Thursday, 15 August 2013

Magna Carta: A Tradition of Our Own

My guess is that many Canadians now know almost nothing about the Magna Carta - even many of the chattering classes. Maybe I'm wrong, but I don't think so. 

It's one of the things that makes the attempts of Len Rodness to bring a copy of the Magna Carta to Canada so interesting. (see this article in the Star about it.)What would we make of it now? 

The Magna Carta was the agreement signed by England's King John 1 in 1215 with the barons of his realm who rose up in rebellion and essentially forced him to sign an agreement limiting his powers. The medieval terms of the agreement were fairly narrow, but in later years it came to be part of an invented tradition of democracy in Britain, each generation using it to expand the democratic powers of parliament, a document that became powerful precisely because of its history and because it showed a very long standing tradition of limiting royal power (however limited the initial premise).

In bygone generations, English Canadians would have understood the Magna Carta as part of the British parliamentary legacy - part of the British tradition of liberty and fair play (with all of its omissions that often weren't acknowledged) that Canada inherited. In the 1950s when Liberals were busy demolishing the British symbols in Canada, much to the delight of French Canadian nationalists, and increasingly as many English Canadians didn't especially notice or bother about it, Eugene Forsey railed in indignation when Arthur Lower complained about how English Canadians took such things like the Magna Cart as a 'tradition not thine own.'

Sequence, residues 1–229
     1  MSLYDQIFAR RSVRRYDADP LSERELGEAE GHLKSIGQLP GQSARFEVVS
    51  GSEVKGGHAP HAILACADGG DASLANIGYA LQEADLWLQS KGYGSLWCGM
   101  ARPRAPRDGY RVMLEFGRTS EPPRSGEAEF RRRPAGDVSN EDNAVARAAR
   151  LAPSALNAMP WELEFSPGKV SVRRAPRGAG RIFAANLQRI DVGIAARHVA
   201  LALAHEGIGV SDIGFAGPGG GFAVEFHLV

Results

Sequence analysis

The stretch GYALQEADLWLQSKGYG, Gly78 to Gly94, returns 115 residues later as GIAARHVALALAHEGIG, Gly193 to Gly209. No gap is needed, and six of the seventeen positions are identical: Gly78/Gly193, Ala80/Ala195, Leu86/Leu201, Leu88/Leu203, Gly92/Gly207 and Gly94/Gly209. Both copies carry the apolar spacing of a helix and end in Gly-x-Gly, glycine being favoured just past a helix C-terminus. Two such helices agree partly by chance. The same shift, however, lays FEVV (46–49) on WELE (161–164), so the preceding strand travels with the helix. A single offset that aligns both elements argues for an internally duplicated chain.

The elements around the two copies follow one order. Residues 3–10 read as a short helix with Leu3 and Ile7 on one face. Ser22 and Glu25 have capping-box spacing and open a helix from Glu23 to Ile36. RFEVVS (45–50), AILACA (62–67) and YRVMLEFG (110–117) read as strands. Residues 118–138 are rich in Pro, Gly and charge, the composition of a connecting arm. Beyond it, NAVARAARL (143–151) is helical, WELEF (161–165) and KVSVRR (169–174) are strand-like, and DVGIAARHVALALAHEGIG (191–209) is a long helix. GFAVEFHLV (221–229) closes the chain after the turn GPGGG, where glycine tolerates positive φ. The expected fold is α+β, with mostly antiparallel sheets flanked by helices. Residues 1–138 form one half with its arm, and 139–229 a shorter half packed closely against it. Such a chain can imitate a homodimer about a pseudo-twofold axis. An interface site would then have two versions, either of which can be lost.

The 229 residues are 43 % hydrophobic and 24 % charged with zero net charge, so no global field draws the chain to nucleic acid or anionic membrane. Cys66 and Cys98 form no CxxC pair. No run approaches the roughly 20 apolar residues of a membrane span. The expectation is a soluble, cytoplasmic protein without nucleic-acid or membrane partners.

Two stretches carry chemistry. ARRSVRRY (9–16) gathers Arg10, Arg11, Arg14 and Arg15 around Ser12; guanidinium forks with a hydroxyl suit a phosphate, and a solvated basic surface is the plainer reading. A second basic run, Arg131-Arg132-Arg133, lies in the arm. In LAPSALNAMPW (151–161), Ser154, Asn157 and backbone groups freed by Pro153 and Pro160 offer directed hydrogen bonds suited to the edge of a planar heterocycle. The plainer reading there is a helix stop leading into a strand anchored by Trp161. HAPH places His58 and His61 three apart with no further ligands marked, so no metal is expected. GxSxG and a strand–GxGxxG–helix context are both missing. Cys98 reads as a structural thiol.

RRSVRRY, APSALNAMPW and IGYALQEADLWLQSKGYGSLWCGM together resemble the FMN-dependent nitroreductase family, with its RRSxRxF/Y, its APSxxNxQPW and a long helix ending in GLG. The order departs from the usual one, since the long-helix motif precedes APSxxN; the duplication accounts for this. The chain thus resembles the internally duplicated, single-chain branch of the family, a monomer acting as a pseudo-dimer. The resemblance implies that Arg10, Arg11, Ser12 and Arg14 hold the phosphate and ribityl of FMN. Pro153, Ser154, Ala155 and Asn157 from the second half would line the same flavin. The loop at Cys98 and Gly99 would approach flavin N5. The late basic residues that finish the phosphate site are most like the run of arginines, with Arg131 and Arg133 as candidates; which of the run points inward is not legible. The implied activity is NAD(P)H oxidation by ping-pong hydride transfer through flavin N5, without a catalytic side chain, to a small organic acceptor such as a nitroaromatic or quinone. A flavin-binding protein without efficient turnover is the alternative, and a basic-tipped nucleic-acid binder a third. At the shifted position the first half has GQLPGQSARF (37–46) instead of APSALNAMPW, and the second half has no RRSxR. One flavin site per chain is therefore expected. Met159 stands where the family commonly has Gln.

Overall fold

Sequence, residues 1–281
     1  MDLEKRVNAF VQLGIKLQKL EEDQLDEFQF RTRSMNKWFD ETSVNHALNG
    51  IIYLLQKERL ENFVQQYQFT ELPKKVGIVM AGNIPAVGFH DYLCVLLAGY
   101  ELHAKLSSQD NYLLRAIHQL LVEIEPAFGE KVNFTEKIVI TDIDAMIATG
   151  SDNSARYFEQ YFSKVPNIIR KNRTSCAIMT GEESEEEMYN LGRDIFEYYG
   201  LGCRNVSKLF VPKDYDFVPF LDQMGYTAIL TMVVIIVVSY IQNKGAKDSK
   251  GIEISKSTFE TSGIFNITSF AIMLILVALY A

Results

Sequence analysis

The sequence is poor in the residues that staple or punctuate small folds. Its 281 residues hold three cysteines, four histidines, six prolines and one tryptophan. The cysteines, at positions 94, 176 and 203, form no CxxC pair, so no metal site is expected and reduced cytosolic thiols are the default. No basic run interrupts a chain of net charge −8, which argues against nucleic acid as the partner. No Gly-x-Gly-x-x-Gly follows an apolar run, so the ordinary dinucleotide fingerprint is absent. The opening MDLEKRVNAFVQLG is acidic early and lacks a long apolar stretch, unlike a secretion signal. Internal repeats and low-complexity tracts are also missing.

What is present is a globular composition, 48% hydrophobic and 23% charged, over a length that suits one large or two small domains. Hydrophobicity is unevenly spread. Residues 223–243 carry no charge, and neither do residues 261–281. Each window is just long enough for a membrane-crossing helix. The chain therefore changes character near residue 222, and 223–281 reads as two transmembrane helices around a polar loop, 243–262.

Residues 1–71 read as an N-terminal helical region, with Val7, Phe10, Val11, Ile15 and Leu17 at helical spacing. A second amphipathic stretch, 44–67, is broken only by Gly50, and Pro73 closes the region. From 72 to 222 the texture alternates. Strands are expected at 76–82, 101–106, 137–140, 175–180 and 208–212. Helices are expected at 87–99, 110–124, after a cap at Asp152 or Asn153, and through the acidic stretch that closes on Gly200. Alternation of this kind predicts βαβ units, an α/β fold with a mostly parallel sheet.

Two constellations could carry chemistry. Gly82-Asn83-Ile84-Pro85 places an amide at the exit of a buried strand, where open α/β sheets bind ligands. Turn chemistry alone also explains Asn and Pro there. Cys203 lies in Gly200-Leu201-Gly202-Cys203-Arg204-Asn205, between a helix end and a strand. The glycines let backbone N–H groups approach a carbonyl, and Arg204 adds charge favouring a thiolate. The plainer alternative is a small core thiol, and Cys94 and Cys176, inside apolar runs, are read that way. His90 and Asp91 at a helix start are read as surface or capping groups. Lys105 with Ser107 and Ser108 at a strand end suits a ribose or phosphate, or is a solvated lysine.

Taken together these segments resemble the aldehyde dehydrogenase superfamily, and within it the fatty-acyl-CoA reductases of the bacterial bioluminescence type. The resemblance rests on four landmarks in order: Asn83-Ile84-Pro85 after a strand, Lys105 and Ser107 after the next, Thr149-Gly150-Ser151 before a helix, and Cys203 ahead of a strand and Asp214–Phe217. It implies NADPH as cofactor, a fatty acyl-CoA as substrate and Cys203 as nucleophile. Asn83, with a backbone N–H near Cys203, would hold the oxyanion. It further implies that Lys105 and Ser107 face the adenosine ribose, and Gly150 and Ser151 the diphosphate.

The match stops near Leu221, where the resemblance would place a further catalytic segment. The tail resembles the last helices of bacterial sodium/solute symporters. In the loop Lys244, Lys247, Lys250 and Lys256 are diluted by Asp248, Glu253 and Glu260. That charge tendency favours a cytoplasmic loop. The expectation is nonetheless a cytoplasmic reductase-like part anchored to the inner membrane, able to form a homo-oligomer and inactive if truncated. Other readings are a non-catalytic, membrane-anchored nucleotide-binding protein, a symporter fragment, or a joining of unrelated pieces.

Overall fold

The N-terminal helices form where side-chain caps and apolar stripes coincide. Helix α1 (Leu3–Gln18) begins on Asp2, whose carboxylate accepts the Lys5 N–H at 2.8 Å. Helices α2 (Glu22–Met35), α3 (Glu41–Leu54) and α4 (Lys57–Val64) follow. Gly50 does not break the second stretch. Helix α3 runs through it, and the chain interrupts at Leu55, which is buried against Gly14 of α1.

This, to Forsey, was nonsense. It was his tradition. It was the tradition of Canada.

What would we think now?

Personally, I first heard of it when I was a young voracious reader of about eleven, poring through the historical novels of Sharon Kay Penman. Good reading still, though I can't find an image from the edition I read.

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